World Spay Day is Feb. 26. And while it often seems like most of your clients agree to spay and neuter procedures, the facts show there are still way too many pets and not enough homes for our furry friends.
"We do still see some pet owners who aren't interested in having their pets spayed or neutered," says Mandy Stevenson, RVT, a Firstline Editorial Advisory Board member and a technician at Rolling Meadows Animal Hospital in Adrian, Mo.
Kindles of kittens and packs of pups
Consider thee five tips on the next page to help reduce the population of homeless pets:
1. Fight with facts
"We present the facts about how spaying before the first heat cycle reduces the likelihood of developing breast cancer and eliminates ovarian cancer in females, and neutering eliminates testicular cancer and reduces the risk of prostate issues in males later in life," says Julie Mullins, a Firstline board member and staff training coordinator at Seaside Animal Care in Calabash, N.C.
2. Use humor
While pet overpopulation is serious business, a lighthearted approach with pet owners can bring smiles where stern lectures would fail. When it's appropriate, Mullins says she uses playful phrases, like, "Bob Barker may be disappointed if we don't help control the pet population by having our pets spayed and neutered."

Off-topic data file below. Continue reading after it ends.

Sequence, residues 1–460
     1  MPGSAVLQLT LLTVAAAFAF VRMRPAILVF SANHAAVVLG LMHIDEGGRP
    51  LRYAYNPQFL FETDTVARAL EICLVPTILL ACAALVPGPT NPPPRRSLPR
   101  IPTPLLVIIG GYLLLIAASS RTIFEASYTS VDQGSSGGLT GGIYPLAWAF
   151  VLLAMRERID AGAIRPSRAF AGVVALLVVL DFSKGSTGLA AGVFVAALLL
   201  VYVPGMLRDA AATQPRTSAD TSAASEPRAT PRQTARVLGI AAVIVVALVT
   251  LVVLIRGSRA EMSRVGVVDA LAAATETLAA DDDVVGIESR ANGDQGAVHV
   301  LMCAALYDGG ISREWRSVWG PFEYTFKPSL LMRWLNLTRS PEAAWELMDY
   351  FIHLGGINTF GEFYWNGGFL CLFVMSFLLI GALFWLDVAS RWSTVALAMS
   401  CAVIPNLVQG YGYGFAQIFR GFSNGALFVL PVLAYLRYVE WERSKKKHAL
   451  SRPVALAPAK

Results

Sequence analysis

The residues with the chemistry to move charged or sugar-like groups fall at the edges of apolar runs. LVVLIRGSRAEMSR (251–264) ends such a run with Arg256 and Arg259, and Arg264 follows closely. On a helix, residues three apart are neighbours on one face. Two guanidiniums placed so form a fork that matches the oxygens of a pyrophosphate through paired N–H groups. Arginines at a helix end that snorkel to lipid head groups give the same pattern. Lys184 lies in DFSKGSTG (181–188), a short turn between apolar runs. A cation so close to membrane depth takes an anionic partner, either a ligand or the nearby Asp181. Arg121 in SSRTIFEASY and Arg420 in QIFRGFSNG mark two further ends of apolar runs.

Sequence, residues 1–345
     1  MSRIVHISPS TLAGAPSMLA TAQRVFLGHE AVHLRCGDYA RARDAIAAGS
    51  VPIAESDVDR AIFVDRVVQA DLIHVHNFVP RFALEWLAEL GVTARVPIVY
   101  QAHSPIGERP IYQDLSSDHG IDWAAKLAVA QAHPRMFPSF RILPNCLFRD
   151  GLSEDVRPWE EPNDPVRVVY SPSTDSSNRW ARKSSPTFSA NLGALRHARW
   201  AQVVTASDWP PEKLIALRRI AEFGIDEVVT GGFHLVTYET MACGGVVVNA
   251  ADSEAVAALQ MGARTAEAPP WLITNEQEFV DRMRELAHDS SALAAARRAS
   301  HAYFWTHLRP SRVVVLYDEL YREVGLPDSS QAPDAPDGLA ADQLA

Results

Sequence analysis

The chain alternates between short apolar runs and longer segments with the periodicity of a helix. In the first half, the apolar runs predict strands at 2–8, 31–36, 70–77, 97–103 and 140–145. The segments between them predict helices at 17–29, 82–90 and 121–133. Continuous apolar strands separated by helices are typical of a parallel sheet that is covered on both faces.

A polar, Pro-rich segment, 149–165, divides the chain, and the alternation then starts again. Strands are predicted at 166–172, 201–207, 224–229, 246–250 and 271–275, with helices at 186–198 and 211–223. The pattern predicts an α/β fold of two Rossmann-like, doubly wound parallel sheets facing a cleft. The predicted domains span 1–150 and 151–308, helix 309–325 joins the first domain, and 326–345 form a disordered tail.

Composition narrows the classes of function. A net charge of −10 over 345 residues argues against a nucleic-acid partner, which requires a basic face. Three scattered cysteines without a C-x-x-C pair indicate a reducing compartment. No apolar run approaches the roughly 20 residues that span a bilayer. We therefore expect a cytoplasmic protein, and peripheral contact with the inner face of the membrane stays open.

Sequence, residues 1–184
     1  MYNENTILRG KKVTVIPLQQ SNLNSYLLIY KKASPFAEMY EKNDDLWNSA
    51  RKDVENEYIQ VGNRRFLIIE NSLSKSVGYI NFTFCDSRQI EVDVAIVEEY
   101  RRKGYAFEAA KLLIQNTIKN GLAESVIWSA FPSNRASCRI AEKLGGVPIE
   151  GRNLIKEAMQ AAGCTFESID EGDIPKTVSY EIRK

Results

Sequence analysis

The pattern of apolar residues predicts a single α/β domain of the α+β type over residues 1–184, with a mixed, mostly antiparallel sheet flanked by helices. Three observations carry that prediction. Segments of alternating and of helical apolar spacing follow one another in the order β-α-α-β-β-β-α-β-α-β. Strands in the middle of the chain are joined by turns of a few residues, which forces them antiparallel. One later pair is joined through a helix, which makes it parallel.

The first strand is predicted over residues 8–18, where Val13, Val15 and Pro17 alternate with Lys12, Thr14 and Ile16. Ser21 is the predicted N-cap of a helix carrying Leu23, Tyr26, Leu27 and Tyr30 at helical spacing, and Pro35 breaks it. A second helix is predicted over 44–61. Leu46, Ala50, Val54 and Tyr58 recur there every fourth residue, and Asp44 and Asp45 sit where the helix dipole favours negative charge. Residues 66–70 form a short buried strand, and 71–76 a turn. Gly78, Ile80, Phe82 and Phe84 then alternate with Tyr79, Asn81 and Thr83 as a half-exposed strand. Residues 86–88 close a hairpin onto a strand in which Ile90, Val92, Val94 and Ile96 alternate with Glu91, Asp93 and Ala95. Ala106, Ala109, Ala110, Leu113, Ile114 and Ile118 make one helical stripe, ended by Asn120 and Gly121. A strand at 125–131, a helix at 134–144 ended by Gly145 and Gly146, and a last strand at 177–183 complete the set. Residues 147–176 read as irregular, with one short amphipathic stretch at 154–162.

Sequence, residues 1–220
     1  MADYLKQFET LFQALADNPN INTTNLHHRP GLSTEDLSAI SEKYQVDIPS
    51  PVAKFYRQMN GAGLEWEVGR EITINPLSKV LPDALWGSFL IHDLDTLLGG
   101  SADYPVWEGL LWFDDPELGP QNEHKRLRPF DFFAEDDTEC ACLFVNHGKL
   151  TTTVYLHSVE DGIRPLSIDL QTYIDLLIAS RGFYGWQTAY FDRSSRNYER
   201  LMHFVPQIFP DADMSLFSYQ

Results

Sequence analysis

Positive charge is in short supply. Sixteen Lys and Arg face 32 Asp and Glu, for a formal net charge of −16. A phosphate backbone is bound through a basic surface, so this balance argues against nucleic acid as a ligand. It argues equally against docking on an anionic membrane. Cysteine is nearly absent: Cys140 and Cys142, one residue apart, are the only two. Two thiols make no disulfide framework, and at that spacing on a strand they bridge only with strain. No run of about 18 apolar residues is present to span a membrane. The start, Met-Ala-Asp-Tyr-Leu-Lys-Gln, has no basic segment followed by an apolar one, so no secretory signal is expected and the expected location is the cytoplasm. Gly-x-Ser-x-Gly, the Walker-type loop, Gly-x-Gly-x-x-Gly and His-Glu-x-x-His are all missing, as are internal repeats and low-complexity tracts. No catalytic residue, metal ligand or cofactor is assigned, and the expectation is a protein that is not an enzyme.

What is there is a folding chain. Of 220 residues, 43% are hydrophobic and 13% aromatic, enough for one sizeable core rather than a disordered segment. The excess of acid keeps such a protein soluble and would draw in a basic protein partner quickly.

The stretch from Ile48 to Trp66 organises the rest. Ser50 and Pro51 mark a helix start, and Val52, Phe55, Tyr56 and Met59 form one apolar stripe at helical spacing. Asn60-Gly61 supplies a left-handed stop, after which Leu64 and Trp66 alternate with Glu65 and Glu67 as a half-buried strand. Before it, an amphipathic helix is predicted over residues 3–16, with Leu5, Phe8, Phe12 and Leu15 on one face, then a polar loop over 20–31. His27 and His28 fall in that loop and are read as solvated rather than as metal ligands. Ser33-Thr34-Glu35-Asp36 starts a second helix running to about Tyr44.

3. Don't lead with price
When clients call to price shop, start the conversation with the benefits of the surgery. Giving clients the why first is an important key, says Stevenson. "When we discuss surgery with clients, we remind them about the importance of certain services," she says. "For instance, we always tell our clients that we use a surgical laser and safe, up-to-date anesthetic protocols and monitoring. We also give pain medication before surgery and send patients home with pain management."
Once people hear a number, it can be difficult to get them to understand the reason for the price, Stevenson says, and it can be hard to get them to listen carefully to the rest of the information.
4. Repeat your message
"We always discuss the importance of spays and neuters at the pet's first puppy or kitten wellness exam, and then we mention it again at each follow-up visit until the pet's old enough for surgery," Stevenson says. "We explain what types of problems the procedure can prevent later in life and how much better pets do when the procedure is performed at an early age."
5. Offer a handout
Finally, Mullins says she gives pet owners literature to help them with their decision-making. "You aren't going to win every battle," she says. "It's not personal. Present the facts in a kind, considerate way and let them speak and ask any further questions."
Portia Stewart is a freelance writer in Lenexa, Kan.